By David Amoruso
The times they keep a-changin’. Over a decade ago, Casablanca restaurant in Maspeth, Queens, was the home base of Joseph Massino, boss of the Bonanno family, one of New York’s five Mafia families. At that time he wielded tremendous power as he was the only boss not behind bars. Casablanca was the center of the underworld for many mobsters. But now, it is being turned into a bakery.
It’s a stark contrast. And for many a sign that good triumphs over evil.
Up until his arrest in 2003, Massino used the restaurant to conduct his mob business, meet fellow mobsters, and, authorities claim, host a meeting of the Mafia’s Commission, its ruling panel that oversees crimes committed by members and associates of La Cosa Nostra in New York and elsewhere.
The Casablanca restaurant was left in limbo after its owner’s arrest in 2003 on racketeering and multiple murder charges. The place was confiscated, as were many other properties of the Bonanno crime boss.
When Massino was convicted of all charges a year later, he lost any grip he may have had on the restaurant. He was looking at life in prison. Prosecutors were even pushing for the death penalty. If Massino was to ever again taste a delicious Italian meal then it would probably be his last meal on earth while sitting in a cell on Death Row awaiting his scheduled execution.
As we all know, things didn’t get to that point. Instead, Massino opted to betray his oath and his former family by wearing a wire against his successor, Vincent Basciano, and tell authorities all he knew about La Cosa Nostra in the United States.
He became the first full-fledged boss of a Mafia family to become a turncoat.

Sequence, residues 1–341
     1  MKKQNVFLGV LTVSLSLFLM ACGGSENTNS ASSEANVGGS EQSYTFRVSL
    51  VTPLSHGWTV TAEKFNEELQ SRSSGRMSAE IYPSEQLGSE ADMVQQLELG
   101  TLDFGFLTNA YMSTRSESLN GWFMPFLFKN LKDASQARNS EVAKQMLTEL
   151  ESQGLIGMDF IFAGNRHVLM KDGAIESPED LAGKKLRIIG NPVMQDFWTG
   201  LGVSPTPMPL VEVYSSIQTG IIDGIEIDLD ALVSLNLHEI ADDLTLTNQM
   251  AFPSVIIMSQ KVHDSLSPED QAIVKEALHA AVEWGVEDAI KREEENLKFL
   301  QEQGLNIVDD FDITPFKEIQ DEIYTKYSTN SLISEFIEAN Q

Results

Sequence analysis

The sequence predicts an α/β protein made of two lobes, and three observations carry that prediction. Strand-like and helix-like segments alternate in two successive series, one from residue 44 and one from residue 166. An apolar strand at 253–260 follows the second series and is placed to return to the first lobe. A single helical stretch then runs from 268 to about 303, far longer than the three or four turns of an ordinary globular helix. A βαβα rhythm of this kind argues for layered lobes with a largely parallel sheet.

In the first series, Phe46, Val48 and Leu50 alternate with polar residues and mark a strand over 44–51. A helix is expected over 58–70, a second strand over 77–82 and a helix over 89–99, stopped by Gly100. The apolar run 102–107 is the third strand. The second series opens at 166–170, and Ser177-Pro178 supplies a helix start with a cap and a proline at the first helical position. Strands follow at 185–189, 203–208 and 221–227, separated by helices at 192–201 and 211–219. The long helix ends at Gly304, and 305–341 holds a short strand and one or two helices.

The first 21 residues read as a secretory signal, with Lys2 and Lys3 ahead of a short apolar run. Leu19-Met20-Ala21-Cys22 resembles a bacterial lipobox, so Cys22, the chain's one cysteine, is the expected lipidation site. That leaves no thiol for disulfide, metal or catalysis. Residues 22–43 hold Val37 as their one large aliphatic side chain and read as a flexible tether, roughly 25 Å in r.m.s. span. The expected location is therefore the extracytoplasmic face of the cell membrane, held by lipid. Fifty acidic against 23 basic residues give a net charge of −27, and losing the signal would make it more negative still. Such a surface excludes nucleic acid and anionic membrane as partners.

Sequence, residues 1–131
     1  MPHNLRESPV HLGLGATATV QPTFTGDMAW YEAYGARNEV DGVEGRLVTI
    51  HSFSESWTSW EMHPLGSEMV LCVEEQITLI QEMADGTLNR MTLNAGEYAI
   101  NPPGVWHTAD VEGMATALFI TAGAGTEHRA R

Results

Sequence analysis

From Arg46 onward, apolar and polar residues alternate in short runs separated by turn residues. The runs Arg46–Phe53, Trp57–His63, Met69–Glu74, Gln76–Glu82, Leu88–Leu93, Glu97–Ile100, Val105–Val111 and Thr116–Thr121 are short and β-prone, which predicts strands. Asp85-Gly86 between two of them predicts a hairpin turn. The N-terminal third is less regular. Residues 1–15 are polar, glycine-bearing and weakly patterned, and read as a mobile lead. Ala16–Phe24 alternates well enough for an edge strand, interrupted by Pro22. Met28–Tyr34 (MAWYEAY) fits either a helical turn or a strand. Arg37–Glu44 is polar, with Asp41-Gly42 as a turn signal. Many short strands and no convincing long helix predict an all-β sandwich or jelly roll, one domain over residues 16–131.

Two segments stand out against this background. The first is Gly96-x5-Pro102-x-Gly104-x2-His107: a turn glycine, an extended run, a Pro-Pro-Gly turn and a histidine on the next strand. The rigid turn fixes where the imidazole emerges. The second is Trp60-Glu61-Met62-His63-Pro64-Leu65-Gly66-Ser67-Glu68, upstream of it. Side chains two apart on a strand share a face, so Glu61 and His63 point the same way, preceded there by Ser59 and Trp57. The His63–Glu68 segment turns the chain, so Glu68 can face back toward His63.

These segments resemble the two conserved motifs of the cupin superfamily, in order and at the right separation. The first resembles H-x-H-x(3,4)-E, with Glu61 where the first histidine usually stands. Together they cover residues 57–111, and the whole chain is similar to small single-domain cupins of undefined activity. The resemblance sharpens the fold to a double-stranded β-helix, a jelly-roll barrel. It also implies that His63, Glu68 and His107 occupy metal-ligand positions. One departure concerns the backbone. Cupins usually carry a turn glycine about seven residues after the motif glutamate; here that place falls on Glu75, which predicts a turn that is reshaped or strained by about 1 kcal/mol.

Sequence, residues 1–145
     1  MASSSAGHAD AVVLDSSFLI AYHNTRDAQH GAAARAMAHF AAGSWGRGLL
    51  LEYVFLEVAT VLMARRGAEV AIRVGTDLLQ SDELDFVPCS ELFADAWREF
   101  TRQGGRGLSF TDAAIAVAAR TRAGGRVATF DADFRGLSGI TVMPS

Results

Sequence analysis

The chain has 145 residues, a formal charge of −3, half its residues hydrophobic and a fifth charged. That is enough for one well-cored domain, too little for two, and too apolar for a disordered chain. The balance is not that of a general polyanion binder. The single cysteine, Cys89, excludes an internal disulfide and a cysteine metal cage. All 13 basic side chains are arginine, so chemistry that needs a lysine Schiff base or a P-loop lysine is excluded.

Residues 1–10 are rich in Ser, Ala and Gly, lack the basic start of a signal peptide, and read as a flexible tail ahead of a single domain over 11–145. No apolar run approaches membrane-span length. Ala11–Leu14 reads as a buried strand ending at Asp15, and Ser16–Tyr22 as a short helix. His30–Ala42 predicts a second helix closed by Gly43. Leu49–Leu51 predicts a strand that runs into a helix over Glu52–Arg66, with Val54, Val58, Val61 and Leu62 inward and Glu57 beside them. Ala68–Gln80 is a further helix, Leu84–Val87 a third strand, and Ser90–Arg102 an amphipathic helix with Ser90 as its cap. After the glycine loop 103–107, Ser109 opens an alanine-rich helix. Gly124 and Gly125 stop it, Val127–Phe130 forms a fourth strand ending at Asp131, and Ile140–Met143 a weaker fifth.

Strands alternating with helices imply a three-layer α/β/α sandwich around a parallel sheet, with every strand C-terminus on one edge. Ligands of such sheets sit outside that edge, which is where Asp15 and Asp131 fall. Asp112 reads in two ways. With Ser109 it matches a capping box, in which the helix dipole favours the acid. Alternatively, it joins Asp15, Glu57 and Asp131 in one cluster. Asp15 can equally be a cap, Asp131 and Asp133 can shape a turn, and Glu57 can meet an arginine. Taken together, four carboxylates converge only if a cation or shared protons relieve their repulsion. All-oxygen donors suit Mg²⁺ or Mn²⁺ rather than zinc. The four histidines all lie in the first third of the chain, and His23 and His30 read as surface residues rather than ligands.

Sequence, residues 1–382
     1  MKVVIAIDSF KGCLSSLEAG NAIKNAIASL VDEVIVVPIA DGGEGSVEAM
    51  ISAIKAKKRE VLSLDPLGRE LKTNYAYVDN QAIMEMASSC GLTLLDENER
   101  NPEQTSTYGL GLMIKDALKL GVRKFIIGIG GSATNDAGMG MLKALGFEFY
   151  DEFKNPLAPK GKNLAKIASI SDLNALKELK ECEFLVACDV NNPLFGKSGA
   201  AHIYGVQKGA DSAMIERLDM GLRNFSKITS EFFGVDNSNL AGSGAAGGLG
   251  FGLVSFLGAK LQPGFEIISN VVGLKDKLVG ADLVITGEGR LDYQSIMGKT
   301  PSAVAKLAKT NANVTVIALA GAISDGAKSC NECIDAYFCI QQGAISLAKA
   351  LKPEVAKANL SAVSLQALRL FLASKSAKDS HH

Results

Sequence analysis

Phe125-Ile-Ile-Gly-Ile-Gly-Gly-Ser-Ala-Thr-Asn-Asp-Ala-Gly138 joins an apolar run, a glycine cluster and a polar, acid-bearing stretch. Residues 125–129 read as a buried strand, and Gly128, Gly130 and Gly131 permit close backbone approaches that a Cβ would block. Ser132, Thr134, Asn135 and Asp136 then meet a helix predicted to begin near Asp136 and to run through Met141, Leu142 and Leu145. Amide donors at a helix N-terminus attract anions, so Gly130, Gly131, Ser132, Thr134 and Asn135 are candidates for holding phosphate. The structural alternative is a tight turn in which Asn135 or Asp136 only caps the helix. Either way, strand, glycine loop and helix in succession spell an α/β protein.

For his cooperation Massino earned a very early release from prison. He’s been out for nearly two years already. Whether or not that is justice is still being debated.
Despite receiving his freedom, Massino still lost his old headquarters. Yesterday, the Queens Chronicle reported that “permits have been filed with the Department of Buildings to transform the former crime hub into a bakery.”
According to the newspaper, the filings were made in 2011 and approved in 2014. “The application calls for interior renovations and construction, including the creation of a bread-making room, a cake-preparation room, office and storage space and a store,” Queens Chronicle reporter Christopher Barca writes.
The Casablanca restaurant is not the first mob hangout to turn into something completely different. As Gangsters Inc. reported in an earlier piece, Genovese boss Vincent Gigante’s Triangle Social Club is now an “organic, feel-good, tea and spice store” while Gambino boss John Gotti’s Ravenite Social Club was made into a shoe store.
All things come to an end. What was first a headquarters for organized crime can turn into a candy store for kids. Of course, the opposite happens as well. While it may seem like the mob is disappearing from New York’s streets they are bound to pop up somewhere else. Maybe they like the food at a restaurant so much they decide to stay there. What was once a decent place is now a spot where crime bosses order murders with their pasta.
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